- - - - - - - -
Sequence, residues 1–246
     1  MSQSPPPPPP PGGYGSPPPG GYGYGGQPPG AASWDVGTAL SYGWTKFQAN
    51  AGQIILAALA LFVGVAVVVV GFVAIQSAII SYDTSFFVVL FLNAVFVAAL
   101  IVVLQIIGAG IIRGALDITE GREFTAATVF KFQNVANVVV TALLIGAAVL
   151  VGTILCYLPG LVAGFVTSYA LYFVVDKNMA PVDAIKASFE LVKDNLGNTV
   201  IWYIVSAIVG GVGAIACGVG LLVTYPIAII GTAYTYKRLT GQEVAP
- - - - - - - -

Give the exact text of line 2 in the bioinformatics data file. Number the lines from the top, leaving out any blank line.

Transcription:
     1  MSQSPPPPPP PGGYGSPPPG GYGYGGQPPG AASWDVGTAL SYGWTKFQAN